What is factor X?

Updated: Feb 06, 2020
  • Author: George Ansstas, MD; Chief Editor: Eric B Staros, MD  more...
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Answer

Factor X is synthesized in the liver, and vitamin K is required for its production. The gene for human factor X is on a chromosome in close proximity to the factor VII gene. [2, 5] Factor X has a molecular weight of 59,000 daltons with a plasma half-life of approximately 34-40 hours. [2] Complete deficiency of factor X resulted either in intrauterine death or fatal hemorrhage within 5 days after birth in a mouse model. [6]

Factor X is activated to fully active factor Xa by factor VIIa/TF or factor IXa/VIIIa. Factor Xa in complex with factor Va (termed the prothrombinase complex) on a phospholipid membrane surface activates prothrombin to thrombin by cleaving two peptide bonds. Factor Xa may also play a physiologic role in activation of factors VII, [7] VIII, [8] and V. [9] Although any membrane surface that expresses anionic phospholipid can support prothrombinase complex assembly, the activated platelet surface is especially well suited for this purpose. Prothrombinase assembly on platelets is not strictly a function of phospholipid composition, but is likely coordinated by one or more specific binding proteins. [10]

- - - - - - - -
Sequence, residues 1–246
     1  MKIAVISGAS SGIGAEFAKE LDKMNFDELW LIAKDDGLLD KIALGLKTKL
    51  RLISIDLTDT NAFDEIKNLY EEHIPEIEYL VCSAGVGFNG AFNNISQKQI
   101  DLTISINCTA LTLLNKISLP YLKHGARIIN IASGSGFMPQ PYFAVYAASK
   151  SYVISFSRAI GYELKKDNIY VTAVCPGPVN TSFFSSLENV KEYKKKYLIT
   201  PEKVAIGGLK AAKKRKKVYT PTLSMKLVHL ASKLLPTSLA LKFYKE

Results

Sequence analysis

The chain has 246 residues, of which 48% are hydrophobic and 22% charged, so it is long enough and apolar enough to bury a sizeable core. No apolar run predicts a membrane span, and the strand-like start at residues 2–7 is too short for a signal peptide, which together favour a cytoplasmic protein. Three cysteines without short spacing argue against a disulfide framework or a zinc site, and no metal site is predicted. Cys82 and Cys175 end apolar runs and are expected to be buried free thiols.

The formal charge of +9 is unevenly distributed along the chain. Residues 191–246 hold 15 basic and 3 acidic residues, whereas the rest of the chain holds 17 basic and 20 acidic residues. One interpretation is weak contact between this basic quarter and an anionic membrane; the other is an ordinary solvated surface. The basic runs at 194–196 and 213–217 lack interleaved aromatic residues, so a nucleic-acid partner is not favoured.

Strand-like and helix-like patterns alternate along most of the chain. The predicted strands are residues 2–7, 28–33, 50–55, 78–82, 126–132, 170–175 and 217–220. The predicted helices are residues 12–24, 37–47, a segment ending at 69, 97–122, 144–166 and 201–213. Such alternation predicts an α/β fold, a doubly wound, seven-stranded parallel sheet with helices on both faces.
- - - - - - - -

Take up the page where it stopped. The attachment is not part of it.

A study by Li et al suggested that the Cys22-Cys27 disulfide bond in the protease domain of factor X modulates factor X’s clotting activity. Absence of the bond hinders insertion, following activation cleavage, of the catalytic domain’s N terminal, interfering with the zymogen-to-enzyme conformational transition. [11]

In addition to the procoagulant activity, factor X has mitogenic and pro-inflammatory activities. [2] It is reported to have mitogenic activity for smooth muscle cells and receptor-mediated proinflammatory activities. [2, 12]

Research indicates that factor X can be produced by malignant cells, with a study by Sierko et al reporting, for example, that it can be expressed by endometrial cancer cells; factor X showed medium expression in endometrial cancer cells but no expression in healthy endometrial cells. Moreover, protein Z and protein Z–dependent protease inhibitor, which work together to inhibit factor X, were strongly expressed in endometrial cancer cells, indicating involvement of these proteins in endometrial cancer. Investigations also suggest that gastric and colon cancer cells can express factor X. [13]


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